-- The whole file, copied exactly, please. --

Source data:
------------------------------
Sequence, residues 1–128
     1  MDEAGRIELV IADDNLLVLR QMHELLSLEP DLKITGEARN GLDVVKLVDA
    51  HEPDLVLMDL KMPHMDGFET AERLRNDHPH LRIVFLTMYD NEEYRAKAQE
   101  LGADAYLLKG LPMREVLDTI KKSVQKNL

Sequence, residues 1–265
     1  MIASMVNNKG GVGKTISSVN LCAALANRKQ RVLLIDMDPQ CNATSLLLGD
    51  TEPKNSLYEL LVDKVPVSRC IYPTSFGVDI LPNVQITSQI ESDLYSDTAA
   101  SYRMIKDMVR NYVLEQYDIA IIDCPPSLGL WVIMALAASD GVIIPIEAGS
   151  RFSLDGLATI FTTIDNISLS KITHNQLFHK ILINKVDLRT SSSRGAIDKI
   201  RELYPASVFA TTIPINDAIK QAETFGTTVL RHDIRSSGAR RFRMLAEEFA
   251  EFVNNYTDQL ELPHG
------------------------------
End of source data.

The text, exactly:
Sequence, residues 1–128
     1  MDEAGRIELV IADDNLLVLR QMHELLSLEP DLKITGEARN GLDVVKLVDA
    51  HEPDLVLMDL KMPHMDGFET AERLRNDHPH LRIVFLTMYD NEEYRAKAQE
   101  LGADAYLLKG LPMREVLDTI KKSVQKNL

Sequence, residues 1–265
     1  MIASMVNNKG GVGKTISSVN LCAALANRKQ RVLLIDMDPQ CNATSLLLGD
    51  TEPKNSLYEL LVDKVPVSRC IYPTSFGVDI LPNVQITSQI ESDLYSDTAA
   101  SYRMIKDMVR NYVLEQYDIA IIDCPPSLGL WVIMALAASD GVIIPIEAGS
   151  RFSLDGLATI FTTIDNISLS KITHNQLFHK ILINKVDLRT SSSRGAIDKI
   201  RELYPASVFA TTIPINDAIK QAETFGTTVL RHDIRSSGAR RFRMLAEEFA
   251  EFVNNYTDQL ELPHG